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    ABSTRACT: Acetylation of histone lysine residues occurs in different organisms ranging from yeast to plants and mammals for the regulation of diverse cellular processes. With the identification of enzymes that create or reverse this modification, our understanding on histone acetylation has expanded at an amazing pace during the last two decades. In fungal pathogens of plants, however, the importance of such modification has only just begun to be appreciated in the recent years and there is a dearth of information on how histone acetylation is implicated in fungal pathogenesis. This review covers the current status of research related to histone acetylation in plant pathogenic fungi and considers relevant findings in the interaction between fungal pathogens and host plants. We first describe the families of histone acetyltransferases and deacetylases. Then we provide the cases where histone acetylation was investigated in the context of fungal pathogenesis. Finally, future directions and perspectives in epigenetics of fungal pathogenesis are discussed.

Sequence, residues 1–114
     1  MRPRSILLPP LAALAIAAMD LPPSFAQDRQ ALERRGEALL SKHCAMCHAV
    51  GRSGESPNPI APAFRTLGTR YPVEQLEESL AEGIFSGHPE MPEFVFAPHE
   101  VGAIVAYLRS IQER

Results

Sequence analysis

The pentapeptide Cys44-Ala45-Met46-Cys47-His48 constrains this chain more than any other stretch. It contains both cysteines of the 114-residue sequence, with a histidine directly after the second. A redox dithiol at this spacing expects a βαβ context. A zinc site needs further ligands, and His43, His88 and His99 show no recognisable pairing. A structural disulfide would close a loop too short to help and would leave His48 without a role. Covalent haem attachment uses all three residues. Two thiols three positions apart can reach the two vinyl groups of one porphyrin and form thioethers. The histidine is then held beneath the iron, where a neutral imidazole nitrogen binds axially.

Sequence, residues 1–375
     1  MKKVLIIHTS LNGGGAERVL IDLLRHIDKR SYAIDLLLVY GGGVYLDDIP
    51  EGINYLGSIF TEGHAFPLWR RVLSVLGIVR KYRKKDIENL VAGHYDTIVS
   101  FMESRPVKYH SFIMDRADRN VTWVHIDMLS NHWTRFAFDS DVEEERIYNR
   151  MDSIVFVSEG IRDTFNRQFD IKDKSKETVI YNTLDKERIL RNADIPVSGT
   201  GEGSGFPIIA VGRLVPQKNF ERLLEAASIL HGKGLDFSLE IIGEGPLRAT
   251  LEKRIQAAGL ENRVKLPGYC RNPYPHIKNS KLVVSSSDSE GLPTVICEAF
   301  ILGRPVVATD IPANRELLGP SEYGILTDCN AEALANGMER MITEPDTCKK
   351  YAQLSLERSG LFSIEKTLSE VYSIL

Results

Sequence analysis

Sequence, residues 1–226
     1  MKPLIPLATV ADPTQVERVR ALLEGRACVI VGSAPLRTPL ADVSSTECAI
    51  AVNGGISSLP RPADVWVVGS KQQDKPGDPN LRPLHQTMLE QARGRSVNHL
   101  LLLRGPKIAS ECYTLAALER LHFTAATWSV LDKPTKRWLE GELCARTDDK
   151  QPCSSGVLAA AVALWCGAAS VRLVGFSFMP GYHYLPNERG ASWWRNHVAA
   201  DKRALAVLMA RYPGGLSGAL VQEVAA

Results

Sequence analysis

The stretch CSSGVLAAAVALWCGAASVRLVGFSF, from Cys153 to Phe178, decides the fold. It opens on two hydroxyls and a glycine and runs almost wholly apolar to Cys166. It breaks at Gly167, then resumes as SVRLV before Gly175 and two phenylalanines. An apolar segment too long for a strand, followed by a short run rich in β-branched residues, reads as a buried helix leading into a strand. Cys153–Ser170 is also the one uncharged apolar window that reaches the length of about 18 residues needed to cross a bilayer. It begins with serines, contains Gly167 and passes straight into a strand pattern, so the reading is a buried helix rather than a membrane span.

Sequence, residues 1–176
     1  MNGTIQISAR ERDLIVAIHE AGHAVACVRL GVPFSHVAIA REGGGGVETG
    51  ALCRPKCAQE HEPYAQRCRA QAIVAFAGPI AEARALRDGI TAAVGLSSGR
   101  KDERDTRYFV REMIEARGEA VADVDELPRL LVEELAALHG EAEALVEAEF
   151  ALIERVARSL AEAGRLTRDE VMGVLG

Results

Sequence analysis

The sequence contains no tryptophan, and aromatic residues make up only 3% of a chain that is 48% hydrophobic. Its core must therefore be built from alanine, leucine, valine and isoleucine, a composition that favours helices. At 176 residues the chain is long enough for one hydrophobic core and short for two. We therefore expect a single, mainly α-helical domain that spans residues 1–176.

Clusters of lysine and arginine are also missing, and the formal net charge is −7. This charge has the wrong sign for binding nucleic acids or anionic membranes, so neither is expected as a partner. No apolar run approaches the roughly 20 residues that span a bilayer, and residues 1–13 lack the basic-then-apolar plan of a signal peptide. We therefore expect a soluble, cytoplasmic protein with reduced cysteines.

The plant pathology journal 03/2014; 30(1). DOI:10.5423/PPJ.RW.01.2014.0003 · 0.72 Impact Factor
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    • "Acetylation of histone H3 K56 is catalyzed by p300/CBP in higher eukaryotes [84] and by Rtt109 (the structural homolog of p300/CBP [85]) in yeast [43–46]. This histone modification has been shown to be stimulated by the histone chaperone ASF1 in all organisms studied. "